Dave Cooke and I have some things in common.
- We're both from Detroit, Michigan.
- We both have a son who has battled addiction.
- We're both recovery advocates trying to make a difference.
- And we both like to ride our bicycles.
But whereas I enjoy hopping on my Cannondale hybrid bike and riding to the grocery store, or going for a leisurely ride of five, six, or maybe a dozen miles tops, Dave likes to ride his road bike long distances. And this summer he's embarking on the longest ride of his life: a 3,600-mile ride across the United States.
Dave is the founder and board chair of 100Pedals, a nonprofit organization that is dedicated to bringing awareness, advocacy, and inspiration to the issue of addiction in our society. Through speaking programs, collaborative community activities, and a commitment to sharing the truth about addiction, 100Pedals empowers individuals and families who have been impacted by the disease. The result is a unified movement working to provoke change and break the stigma associated with addiction.
Like most parents of children struggling with addiction, Dave was devastated when he found out about his son's heroin dependency. And like many parents--myself included--he set out to rescue his son from addiction and to fix things. Unfortunately, over the next fifteen months Dave discovered that addiction isn't something parents can make go away, no matter how hard they try. It's a family disease that affects everyone; and it was affecting Dave. In fact, it was destroying him.
That's when Dave made a decision that completely changed his life. He challenged himself to do something that would help him regain control and clarity in his life. That challenge? To ride his bike for at least 1 hour for 100 consecutive days. On January 1, 2011, Dave went on his first 60-minute bike ride. On April 10, 2011, he completed his 100th consecutive ride. All told, Dave spent 141 hours on his bike and rode 2,360 miles over the course of those 100 days. Mission accomplished, and 100Pedals was born.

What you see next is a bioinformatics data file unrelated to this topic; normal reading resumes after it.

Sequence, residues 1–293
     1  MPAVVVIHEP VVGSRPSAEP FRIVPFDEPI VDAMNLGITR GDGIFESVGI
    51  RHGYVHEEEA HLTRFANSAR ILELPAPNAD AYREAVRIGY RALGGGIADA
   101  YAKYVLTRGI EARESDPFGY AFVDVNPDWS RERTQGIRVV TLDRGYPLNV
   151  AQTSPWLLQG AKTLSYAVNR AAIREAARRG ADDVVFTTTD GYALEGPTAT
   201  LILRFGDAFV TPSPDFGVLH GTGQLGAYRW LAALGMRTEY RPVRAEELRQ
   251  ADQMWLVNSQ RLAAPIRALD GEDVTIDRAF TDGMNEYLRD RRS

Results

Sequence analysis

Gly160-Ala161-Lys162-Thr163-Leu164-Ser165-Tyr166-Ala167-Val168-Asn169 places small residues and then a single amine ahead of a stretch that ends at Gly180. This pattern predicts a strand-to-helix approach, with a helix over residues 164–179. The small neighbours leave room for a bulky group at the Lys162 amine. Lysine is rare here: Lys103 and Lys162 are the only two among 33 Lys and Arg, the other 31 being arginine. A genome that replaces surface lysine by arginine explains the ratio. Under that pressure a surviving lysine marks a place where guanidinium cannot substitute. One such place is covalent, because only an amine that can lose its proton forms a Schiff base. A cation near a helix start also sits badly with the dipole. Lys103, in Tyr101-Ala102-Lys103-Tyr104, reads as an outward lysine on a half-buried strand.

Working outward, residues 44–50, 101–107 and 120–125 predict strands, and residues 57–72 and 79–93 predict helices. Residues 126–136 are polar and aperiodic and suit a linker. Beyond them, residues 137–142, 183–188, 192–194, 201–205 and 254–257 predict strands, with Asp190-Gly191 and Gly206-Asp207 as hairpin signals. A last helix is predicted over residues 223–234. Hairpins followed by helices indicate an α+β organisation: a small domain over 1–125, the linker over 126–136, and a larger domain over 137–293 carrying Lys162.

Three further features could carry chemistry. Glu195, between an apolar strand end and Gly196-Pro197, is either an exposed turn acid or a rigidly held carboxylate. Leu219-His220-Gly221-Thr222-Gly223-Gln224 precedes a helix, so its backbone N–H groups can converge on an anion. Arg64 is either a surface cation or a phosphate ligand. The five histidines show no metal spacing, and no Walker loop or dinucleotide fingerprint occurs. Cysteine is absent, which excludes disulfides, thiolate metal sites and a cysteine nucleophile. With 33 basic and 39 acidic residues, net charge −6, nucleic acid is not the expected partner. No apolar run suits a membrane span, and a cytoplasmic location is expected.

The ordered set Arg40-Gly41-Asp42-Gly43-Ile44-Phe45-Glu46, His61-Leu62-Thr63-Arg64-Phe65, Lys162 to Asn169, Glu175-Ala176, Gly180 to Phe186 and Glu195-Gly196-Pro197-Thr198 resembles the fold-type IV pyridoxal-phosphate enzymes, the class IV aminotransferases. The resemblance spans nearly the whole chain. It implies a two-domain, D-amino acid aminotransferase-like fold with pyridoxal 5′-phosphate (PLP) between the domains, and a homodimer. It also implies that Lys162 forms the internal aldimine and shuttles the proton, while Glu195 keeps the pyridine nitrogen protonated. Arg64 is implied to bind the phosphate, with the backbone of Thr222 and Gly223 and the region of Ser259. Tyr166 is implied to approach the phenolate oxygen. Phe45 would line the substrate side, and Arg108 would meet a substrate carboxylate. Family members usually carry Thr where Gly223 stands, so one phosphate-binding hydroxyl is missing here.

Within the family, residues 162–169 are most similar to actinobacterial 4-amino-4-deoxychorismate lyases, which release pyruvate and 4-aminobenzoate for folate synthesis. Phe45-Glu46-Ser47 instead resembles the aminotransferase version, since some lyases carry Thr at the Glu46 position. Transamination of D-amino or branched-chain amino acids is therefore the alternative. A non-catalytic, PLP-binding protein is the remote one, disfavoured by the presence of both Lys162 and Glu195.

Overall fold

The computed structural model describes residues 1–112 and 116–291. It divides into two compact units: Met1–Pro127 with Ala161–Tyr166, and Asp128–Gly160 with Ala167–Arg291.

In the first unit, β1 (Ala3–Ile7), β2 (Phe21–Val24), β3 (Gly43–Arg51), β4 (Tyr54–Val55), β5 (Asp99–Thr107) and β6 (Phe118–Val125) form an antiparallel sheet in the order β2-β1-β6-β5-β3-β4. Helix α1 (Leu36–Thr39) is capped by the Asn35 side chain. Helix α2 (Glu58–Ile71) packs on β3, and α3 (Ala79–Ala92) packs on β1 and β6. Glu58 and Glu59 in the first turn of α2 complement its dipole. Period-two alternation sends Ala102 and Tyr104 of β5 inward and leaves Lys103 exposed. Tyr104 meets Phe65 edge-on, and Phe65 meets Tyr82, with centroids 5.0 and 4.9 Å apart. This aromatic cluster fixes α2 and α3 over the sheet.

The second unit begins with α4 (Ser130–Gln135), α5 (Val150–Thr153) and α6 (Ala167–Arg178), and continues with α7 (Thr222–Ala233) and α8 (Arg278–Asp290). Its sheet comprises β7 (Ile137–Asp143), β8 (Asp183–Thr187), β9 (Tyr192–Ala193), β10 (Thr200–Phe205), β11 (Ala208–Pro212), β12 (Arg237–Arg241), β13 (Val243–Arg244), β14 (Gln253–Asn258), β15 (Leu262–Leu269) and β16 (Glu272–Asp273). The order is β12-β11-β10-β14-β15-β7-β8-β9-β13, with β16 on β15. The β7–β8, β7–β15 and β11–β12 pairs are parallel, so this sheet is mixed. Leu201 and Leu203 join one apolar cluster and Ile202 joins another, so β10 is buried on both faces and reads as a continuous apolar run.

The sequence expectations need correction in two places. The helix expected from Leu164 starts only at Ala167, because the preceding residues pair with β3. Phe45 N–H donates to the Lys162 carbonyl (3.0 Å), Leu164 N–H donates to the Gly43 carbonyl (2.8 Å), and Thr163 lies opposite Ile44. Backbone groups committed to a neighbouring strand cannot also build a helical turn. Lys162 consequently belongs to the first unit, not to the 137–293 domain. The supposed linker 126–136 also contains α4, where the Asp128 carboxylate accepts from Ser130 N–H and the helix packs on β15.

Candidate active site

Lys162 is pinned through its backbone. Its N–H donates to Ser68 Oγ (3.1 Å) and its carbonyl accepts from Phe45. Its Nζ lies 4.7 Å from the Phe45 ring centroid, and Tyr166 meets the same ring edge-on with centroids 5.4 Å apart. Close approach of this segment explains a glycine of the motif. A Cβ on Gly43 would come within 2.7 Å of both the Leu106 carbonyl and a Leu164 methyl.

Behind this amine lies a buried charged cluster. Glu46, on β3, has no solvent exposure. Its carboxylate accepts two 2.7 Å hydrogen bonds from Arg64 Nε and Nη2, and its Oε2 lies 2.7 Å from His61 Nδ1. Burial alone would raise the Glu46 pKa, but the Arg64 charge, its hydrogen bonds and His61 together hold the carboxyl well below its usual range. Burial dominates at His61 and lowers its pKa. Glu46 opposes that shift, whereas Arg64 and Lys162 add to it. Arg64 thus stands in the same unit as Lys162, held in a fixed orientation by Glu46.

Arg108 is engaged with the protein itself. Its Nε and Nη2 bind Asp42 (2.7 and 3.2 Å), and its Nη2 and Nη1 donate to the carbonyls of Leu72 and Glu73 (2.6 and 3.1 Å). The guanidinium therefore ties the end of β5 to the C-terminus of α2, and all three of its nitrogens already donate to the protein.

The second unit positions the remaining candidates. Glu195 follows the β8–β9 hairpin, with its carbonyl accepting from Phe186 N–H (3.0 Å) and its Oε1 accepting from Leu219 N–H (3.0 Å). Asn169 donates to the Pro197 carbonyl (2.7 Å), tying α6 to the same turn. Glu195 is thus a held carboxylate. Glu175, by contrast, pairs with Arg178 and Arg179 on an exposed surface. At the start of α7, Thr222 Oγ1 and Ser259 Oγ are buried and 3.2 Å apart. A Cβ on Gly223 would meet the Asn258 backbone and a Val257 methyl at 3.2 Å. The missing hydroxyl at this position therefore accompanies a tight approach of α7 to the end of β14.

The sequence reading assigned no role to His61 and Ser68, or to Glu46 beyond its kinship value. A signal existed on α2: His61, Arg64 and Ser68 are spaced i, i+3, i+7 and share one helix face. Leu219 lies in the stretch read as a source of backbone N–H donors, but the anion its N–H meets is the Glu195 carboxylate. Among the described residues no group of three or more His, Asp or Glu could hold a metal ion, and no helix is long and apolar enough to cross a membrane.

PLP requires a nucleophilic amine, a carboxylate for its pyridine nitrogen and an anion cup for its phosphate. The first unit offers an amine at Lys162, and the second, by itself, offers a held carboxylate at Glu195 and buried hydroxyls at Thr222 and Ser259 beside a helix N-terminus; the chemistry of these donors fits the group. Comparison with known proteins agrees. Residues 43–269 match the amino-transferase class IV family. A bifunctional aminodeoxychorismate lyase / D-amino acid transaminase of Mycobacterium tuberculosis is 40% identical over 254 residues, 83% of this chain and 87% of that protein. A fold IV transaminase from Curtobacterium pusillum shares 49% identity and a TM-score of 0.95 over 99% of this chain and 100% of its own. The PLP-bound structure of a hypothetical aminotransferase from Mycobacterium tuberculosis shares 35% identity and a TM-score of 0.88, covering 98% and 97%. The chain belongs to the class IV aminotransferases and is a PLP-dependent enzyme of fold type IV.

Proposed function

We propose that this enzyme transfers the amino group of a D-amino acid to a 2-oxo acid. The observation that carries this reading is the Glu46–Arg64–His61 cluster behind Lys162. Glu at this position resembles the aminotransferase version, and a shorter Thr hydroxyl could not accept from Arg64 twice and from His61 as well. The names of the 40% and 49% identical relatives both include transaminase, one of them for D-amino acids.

Dave's accomplishment of pedaling 2,360 miles in 100 days was impressive, for sure. But those numbers are nothing compared to the numbers associated with his latest endeavor, "Cycling for Recovery 2016". On Saturday, July 30th, Dave will climb on his bike in Santa Monica, California, and set out for the Big Apple. His path will follow Route 66 to Chicago, go through Michigan to Detroit, to Pittsburgh, up the New Jersey coast, and end in New York City. The plan is to cover the 3,600 miles in 64 days, and to stop in various cities along the way to share messages of love, hope, and encouragement with people who are living with a loved one’s addiction.
"Our children, our families, and our communities can no longer be victimized by the continued, tragic growth of drug-related addiction in our society," Dave says. "This bike ride is a manifestation of my commitment to educate those who need to better understand this problem. God called me to take action and make a commitment to share his message through my story and my family’s experiences with addiction. At his urging, I accepted the challenge."
"It is my plan to have one-on-one conversations with those who are struggling with the addiction of a loved one or those individuals who are battling an addiction," Dave adds. "I see these interactions as a wonderful opportunity to hear their stories while offering them a message of God's love. I will also be giving presentations and talks in churches and neighborhood organizations."
This may be Dave’s "big, bold, crazy adventure" (as he described it to me in a Facebook message), but he won't be doing it all by himself. There are donors who have contributed to the Cycling for Recovery GoFundMe campaign (after all, a trip like this doesn't pay for itself); a support vehicle has been donated; and volunteers have stepped forward to drive that vehicle for each of the nine one-week legs of the tour. (Note: I'm proud to say that I’ll be behind the wheel of the support van for the Detroit to Pittsburgh stretch.)
Dave says that he's as physically and mentally prepared as he'll ever be for his biking adventure, which he calls a bucket list item. "I have always envisioned taking a cross country bike ride," he recently wrote. "When I realized I was focusing on this individual adventure and accomplishment in a self-glorifying manner, I declared I would not do this unless there was a higher purpose behind it. That’s when I heard God say to me, 'It's a ministry, not a bike trip.'"
Dave Cooke is a man on another mission, and this time he has an important message to spread. If you're out driving on the highway sometime between July 30th and October 2nd, and you see a determined guy riding a bike from west to east while being followed by a support van, make sure you honk and give him a thumbs-up. Or, better yet: Sign up to ride your bike alongside Dave during a segment of his journey.
Yes, addiction is a beast. But we're incredibly lucky to have warriors like Dave Cooke fighting the battle against it.